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Scientist profiles S-Z

SRI Profiles

Lorne Zinman, MD, M.Sc., FRCPC

Associate scientist

Sunnybrook Health Sciences Centre
2075 Bayview Ave., Room UG 26
Toronto, ON
M4N 3M5


Administrative Assistant: Olive Grozelle
Phone: 416-480-4213
Fax: 416-480-6817

Education:

  • B.Sc., 1993, biology/physiology (with distinction), University of Toronto, Canada
  • M.Sc., 1995, neurobiology, Queen’s University, Canada
  • MD, 1998, University of Calgary, Canada
  • FRCPC, 2003, neurology, U of T, Canada
  • Neuromuscular diseases fellowship, 2005, U of T, Canada
  • M.Sc., 2005, clinical epidemiology, U of T, Canada

Appointments and Affiliations:

  • Associate scientist, Evaluative Clinical SciencesHurvitz Brain Sciences Research Program, Sunnybrook Research Institute
  • Staff neurologist, Sunnybrook Health Sciences Centre
  • Director, neurophysiology lab, Sunnybrook
  • Associate professor, Institute of Medical Science and Rehabilitation Sciences Institute, U of T
  • Director, ALS and neuromuscular clinic, Sunnybrook

Research Focus:

  • Amyotrophic lateral sclerosis and neuromuscular diseases

Research Summary:

Amyotrophic lateral sclerosis (ALS), also known as Lou Gehrig’s disease, is a devastating neurological disease that results in the degeneration of motor neurons leading to paralysis and death in most patients. There is no treatment to halt or reverse ALS, and its specific cause remains unknown. Dr. Zinman’s research aims to characterize better the clinical, electrophysiological and pathological phenotypes and variants of the disease to find a treatment.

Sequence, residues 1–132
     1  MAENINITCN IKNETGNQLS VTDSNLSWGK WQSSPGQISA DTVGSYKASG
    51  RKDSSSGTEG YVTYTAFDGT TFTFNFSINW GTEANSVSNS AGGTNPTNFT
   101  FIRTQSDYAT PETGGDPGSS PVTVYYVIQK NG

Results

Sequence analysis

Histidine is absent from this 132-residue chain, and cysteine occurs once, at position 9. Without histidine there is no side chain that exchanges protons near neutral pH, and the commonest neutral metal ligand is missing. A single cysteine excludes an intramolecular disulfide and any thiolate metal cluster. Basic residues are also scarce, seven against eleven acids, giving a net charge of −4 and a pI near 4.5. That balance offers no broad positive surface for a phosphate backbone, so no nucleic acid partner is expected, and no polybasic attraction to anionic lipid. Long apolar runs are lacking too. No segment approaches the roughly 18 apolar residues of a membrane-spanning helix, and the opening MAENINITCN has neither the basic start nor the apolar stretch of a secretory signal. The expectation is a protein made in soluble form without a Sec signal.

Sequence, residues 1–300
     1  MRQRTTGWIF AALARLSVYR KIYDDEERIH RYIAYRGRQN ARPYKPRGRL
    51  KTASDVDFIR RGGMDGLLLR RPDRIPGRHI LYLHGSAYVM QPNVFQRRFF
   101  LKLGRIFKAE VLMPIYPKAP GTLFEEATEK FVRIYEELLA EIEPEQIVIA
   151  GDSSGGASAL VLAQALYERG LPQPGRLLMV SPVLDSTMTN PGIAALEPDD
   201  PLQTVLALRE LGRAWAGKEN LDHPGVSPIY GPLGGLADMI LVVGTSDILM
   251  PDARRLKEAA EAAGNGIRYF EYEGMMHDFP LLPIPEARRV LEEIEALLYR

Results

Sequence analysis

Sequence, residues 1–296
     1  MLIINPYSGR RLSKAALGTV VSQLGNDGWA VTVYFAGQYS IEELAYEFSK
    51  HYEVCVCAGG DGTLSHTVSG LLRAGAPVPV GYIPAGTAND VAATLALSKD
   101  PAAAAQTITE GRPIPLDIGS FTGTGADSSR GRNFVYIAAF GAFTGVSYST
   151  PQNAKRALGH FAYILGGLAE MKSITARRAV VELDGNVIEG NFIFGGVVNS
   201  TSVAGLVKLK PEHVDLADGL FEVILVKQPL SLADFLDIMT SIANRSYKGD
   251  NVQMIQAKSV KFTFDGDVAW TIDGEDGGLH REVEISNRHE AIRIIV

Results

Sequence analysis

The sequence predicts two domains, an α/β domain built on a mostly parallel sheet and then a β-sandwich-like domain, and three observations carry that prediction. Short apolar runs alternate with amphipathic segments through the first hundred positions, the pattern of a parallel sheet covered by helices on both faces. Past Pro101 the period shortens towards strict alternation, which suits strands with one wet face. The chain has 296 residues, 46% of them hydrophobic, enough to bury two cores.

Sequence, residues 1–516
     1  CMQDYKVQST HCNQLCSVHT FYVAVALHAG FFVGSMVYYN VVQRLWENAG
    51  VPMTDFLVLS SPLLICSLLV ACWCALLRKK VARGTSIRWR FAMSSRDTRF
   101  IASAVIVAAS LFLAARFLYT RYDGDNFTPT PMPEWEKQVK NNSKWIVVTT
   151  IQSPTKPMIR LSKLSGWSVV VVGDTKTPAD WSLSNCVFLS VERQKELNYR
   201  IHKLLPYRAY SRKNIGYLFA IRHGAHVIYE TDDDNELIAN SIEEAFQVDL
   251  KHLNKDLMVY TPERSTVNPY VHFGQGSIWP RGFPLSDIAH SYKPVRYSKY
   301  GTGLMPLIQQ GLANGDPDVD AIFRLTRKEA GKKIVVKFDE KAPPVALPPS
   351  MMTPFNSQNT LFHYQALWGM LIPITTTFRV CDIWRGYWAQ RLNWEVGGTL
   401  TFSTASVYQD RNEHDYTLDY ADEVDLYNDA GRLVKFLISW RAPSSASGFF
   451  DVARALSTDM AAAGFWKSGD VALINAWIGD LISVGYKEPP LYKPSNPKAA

In collaboration with Drs. Janice Robertson, Ekaterina Rogaeva, Yana Yunusova and Julia Keith, the group is studying the disease’s pathophysiology to discover novel therapeutic targets. Epidemiological research provides clues to the etiology and exacerbating factors of the disease. The team also leads and participates in multicentre clinical trials evaluating the most promising ALS therapeutics. Dr. Zinman is the founder and first chair of the Canadian ALS Research Network. Its primary purpose is to find new treatments and improve the lives of people with ALS.

Selected Publications:

See current publications list at PubMed.

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